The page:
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Case Studies: Global Education

“The Global Educator,” by Julie Lindsay is a book that has guided me throughout this semester in college while I have started to become a connected learner and teacher. This book has shed light on new ideas, concepts and opportunities of global collaboration that I can use when I step in front of my first class in the future. One of the most important recommendations that this book has given me was to start building my PLN now, as an education student. This way, when I start to teach at a school, I will already have a support system behind me. That idea of building my PLN led to me creating a Twitter and this very blog page. Throughout the book, Lindsay has shared case studies which provide great resources for teachers to use. I will share some of those case studies on this blog post.

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One of the first case studies that was discussed in the final chapter of the book was “The Global Education Conference.” The mission statement of this conference was that it was, “designed to significantly increase education-related connections around the globe while supporting cultural awareness, recognition of diversity, and educational access for all.” The most important concept that the conference focuses on is connecting educators and classrooms. This conference promotes global collaboration. It is run by Lucy Gray and Steve Hargadon who have made massive strides in global collaboration throughout history.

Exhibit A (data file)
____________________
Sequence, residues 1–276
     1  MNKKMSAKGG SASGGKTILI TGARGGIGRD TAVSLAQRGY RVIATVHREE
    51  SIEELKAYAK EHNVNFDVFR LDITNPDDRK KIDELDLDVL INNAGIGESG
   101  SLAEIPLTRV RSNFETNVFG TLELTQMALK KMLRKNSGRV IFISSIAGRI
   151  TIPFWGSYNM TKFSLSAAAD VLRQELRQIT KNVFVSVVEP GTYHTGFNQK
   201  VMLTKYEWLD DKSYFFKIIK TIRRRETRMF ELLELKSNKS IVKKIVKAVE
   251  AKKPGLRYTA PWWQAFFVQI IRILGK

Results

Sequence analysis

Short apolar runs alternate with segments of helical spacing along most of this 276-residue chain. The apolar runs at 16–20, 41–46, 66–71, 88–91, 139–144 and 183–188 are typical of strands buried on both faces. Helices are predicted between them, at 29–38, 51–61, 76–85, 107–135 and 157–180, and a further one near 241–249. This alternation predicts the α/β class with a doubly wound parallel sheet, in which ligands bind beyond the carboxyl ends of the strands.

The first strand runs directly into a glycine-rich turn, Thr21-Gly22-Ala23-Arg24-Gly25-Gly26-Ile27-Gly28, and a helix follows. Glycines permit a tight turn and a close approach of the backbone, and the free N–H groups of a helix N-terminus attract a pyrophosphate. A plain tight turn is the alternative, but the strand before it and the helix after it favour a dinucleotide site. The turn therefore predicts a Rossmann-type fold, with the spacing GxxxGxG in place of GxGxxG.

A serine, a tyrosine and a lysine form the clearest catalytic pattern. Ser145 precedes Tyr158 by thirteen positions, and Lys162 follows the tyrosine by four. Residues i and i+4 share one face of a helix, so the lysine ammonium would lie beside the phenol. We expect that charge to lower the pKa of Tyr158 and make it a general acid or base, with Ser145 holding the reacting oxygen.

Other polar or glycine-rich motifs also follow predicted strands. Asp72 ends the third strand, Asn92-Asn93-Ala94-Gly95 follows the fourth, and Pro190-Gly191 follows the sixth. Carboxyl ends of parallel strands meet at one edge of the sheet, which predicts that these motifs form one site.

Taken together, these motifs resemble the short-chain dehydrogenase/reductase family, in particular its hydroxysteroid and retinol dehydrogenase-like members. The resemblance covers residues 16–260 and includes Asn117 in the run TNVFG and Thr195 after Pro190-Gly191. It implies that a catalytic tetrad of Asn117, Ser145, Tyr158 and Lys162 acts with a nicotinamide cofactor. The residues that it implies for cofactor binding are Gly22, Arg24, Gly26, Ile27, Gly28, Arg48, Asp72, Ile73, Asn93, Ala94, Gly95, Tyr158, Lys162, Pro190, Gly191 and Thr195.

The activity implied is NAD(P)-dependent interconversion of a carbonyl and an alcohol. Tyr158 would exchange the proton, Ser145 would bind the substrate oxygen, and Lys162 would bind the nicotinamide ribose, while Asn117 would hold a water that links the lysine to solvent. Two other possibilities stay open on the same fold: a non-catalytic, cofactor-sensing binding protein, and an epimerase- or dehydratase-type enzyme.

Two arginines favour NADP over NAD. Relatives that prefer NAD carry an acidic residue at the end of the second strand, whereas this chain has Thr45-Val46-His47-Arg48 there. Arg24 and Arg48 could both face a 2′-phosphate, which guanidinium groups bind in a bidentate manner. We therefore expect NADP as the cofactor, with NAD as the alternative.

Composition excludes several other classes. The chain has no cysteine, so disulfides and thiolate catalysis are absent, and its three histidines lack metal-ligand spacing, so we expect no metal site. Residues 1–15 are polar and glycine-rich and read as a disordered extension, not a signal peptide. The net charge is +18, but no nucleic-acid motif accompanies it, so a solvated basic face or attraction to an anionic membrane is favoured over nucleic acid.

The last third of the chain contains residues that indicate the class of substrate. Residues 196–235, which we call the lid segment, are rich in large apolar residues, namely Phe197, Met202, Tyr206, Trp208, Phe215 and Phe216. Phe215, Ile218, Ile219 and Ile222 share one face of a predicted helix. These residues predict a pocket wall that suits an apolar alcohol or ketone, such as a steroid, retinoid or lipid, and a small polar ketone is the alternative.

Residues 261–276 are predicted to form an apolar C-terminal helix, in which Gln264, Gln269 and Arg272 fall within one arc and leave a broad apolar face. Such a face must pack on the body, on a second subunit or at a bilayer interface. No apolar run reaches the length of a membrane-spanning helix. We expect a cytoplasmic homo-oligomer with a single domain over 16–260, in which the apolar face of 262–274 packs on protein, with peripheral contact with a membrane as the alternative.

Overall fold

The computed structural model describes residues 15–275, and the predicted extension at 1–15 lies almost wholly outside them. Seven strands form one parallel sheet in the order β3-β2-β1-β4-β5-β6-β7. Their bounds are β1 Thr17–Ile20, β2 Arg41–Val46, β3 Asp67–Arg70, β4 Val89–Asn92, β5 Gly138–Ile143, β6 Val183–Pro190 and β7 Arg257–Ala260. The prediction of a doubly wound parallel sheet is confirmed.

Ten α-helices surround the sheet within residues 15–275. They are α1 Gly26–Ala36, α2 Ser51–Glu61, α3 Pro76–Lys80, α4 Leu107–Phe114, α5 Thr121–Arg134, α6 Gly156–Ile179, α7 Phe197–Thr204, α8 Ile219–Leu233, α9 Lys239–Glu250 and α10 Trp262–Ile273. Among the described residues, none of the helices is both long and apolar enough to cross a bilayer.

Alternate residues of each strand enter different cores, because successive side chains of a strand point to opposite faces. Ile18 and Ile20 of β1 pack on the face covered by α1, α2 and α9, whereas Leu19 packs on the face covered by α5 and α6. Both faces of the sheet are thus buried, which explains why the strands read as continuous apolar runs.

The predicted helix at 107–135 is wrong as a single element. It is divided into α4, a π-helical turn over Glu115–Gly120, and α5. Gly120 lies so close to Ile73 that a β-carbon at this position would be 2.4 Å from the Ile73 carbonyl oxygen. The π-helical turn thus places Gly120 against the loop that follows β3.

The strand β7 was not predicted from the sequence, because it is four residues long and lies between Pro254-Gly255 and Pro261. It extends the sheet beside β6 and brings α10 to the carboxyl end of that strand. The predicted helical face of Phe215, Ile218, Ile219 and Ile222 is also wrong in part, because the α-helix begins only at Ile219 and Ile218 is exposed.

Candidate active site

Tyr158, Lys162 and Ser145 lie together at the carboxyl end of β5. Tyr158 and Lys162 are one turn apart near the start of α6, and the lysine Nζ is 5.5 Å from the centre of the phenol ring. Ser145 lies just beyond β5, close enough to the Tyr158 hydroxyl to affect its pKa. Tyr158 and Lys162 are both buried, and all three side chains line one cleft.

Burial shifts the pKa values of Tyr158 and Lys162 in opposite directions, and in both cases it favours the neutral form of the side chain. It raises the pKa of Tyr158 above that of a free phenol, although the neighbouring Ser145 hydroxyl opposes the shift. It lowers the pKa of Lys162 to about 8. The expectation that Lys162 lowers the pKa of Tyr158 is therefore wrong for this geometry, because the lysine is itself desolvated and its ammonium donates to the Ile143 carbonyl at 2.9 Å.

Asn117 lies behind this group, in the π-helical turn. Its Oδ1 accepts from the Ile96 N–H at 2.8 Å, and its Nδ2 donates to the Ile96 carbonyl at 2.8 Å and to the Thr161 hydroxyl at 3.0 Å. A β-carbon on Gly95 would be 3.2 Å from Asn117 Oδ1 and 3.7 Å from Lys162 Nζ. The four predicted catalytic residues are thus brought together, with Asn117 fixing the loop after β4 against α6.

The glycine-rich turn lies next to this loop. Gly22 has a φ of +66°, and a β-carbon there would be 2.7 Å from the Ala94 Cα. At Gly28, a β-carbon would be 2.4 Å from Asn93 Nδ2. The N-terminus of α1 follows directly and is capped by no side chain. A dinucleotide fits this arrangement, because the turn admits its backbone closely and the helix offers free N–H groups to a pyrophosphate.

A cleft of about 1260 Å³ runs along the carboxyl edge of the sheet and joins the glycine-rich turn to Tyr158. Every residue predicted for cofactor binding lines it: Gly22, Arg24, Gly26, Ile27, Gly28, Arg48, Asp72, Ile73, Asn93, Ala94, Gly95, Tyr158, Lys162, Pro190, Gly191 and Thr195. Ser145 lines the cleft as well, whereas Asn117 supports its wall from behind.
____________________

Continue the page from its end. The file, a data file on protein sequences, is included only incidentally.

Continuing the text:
Another interesting case study that was shared in this book was THINK Global School which takes place-based learning quite literally. The school constantly goes to a new locations to teach the students. The student role in this process is to be the main driving force for their own learning. The teacher has the role of being a “learning concierge,” for the students. This Youtube video shows a testimonial of a student who graduated from TGS in 2017.

In this chapter there are many communities that are discussed. These communities might come as conferences like the one mentioned above or might come in different forms of virtual communities like Our Global Friendships where teachers go to learn from one another. This is a great place where new teachers like me can go to begin or continue growing their PLN.

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One case study that I especially liked was the VIF International Education and VIF Learning Center. I liked this program because it diversified education in an interesting way — through bringing international teachers into the United States. This way, students would be taught by people with different backgrounds than their own. I thought this was a great idea and would love to put more research into the program. They can be found on the website provided in the link above or through their twitter @VIFglobaled. Lindsay even gives trestemonials of VIF teachers who are part of the program such as Maria Ponce, a middle school teacher from Mexico who is going beyond the boundaries by teaching in the USA. As she puts it, this program helps the students understand differences.

There are many other case studies that Lindsay discusses in the text. This is only a run down of the ones that I did mention. Through reading Lindsay’s take on the case studies of visiting the websites in the links provided, you can learn much more about these programs, conferences and communities. Any new teacher looking to gain a hold on the world of education should definitely open their eyes to what some of these case studies have to offer.